Corporate Inversion

Today’s post is by Randy Russon, founder of TOPCFOS

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So, what is corporate inversion? Investopedia defines corporate inversion as, “Re-incorporating a company overseas in order to reduce the tax burden on income earned abroad. Corporate inversion as a strategy is used by companies that receive a significant portion of their income from foreign sources, since that income is taxed both abroad and in the country of incorporation. Companies undertaking this strategy are likely to select a country that has lower tax rates and less stringent corporate governance requirements.” American companies using smart tax planning strategies look for opportunities to minimize their tax bill. Who wouldn’t, especially when the U.S. government is taking up to 35%, that’s one third, of their hard earned profits?

Corporate inversions has been a hot topic of discussion in the news for some time now. Reuters reported the following this past week:

“U.S. Treasury to tighten corporate tax inversion rules – letter

By Kevin Drawbaugh

WASHINGTON (Reuters) – The U.S. Treasury Department this week will clamp down further on tax-avoiding “inversion” deals done by U.S. companies with foreign rivals, according to a letter obtained by Reuters on Wednesday.

With a major inversion deal in the works between U.S. drug maker Pfizer Inc and smaller Irish competitor Allergan Plc, Treasury said in the letter, “Later this week, we intend to issue additional targeted guidance to deter and reduce further the economic benefits of corporate inversions”.

Details were not spelled out in the letter, which was addressed to four lawmakers, comprising U.S. Senators Ron Wyden and Orrin Hatch and Representatives Kevin Brady and Sander Levin.”

Corporate inversions are really nothing more than what individuals and firms do day in and day out – plan smart tax strategies to help minimize their tax burden. This is smart, wise and prudent. This brings up two points that I’d like to discuss in terms of planning smart tax strategies. The first point is called tax evasion and the second point is called tax avoidance. Tax evasion is illegal, because it simply means that a company is either cooking the books or filing false tax returns in an attempt to evade taxes. The second point called tax avoidance is completely legal. In other words, using the current tax code that Congress set up, companies plan effective tax strategies that are 100% legal that are designed to help them minimize their tax obligation.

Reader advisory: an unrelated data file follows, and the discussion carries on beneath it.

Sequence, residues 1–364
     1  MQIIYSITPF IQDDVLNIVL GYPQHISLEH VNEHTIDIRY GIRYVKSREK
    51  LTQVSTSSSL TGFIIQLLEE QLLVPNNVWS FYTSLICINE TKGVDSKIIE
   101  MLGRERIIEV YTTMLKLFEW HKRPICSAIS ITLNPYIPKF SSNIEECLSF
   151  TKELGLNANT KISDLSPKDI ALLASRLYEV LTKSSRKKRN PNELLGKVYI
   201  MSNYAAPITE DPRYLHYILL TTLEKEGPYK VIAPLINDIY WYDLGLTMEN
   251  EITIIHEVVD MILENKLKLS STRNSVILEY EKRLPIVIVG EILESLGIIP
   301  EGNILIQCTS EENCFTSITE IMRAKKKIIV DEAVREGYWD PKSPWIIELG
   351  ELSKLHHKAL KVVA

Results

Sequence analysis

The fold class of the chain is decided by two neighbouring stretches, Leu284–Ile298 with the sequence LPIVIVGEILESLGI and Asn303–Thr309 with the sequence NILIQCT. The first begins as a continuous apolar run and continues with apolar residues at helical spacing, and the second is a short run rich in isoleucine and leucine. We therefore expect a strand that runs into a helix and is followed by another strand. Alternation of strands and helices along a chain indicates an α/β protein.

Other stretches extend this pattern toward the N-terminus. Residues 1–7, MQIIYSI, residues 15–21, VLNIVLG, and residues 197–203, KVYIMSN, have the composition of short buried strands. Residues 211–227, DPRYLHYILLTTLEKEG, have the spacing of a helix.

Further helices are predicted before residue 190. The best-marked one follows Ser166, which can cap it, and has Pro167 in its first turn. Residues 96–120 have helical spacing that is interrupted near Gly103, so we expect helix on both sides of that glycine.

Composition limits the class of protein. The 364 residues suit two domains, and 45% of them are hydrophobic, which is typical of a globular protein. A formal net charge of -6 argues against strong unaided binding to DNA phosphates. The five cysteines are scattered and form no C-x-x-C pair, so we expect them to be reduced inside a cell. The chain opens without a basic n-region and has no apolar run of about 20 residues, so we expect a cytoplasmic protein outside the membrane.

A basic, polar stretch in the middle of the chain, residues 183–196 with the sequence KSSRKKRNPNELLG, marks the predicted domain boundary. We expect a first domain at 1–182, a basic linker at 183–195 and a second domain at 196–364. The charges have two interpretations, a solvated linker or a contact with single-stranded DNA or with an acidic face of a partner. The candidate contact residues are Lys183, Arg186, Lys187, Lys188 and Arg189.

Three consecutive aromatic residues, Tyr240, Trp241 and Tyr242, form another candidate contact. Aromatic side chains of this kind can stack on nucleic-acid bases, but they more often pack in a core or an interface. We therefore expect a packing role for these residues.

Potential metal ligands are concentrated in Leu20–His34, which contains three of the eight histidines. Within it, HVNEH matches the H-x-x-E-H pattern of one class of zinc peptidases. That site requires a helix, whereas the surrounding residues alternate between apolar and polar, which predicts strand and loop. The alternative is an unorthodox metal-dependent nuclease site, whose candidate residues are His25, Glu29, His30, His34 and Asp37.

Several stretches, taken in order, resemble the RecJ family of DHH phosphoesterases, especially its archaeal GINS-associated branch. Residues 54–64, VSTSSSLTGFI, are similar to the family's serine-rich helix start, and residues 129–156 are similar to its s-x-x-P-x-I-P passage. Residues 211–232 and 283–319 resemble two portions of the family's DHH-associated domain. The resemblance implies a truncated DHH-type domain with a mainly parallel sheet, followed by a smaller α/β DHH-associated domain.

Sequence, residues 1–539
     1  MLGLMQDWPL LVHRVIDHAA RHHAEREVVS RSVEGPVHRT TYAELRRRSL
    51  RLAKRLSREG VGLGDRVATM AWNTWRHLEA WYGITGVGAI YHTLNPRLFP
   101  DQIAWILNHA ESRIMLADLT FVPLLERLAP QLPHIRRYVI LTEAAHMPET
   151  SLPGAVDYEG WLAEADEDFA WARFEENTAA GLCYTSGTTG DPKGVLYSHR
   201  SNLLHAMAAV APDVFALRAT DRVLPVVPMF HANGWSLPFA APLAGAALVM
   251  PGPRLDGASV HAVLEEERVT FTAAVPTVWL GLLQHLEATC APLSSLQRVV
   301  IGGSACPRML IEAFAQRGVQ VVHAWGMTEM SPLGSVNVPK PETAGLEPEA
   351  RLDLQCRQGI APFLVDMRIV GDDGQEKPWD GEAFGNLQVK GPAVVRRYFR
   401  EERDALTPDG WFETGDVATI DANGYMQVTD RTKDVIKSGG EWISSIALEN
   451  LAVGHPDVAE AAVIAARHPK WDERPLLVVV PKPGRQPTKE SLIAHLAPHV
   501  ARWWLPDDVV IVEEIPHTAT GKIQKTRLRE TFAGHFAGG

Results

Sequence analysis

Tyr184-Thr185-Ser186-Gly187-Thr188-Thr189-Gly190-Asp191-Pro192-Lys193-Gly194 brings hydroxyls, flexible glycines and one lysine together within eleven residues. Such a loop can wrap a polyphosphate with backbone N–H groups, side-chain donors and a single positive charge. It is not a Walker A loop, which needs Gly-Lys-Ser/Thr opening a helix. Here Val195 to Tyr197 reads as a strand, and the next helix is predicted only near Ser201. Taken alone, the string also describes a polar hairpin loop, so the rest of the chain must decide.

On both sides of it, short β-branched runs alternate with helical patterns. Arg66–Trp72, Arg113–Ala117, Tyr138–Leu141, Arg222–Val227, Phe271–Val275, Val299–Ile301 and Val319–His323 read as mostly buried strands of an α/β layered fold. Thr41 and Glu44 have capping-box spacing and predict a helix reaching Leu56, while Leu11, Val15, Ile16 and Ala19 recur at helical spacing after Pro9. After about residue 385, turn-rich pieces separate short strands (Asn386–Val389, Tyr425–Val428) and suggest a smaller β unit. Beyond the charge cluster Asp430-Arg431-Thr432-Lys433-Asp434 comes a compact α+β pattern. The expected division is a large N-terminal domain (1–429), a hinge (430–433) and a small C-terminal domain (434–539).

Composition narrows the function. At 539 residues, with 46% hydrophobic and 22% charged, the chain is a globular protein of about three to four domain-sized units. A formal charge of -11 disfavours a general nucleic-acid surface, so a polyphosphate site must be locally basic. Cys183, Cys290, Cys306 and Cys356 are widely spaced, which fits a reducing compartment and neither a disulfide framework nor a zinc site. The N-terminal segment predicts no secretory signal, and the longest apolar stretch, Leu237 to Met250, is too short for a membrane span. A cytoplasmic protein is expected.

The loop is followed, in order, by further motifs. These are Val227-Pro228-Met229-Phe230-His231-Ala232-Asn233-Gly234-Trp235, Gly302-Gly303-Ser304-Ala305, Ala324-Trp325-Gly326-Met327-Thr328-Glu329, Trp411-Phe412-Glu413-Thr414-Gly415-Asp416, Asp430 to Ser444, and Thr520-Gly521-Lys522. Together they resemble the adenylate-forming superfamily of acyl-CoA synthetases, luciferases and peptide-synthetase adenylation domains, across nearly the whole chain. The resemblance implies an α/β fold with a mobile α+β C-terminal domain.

So, there is absolutely nothing wrong with smart tax strategies that will help a company to avoid a heavy tax burden.

We hope you’ve enjoyed our Blog today. Please remember, TOP CFOS offers the finest CFO services to companies anywhere in the world and would love to be a part of your team. Feel free to reach out to us anytime. Your feedback is most welcome, and we invite you to share this post with friends and associates. Our contact information can easily be found here on our website, so give us a call today! Our next post will come from the Strategy category on our website and is entitled Competition Creates Efficiency. And, thank you for joining us!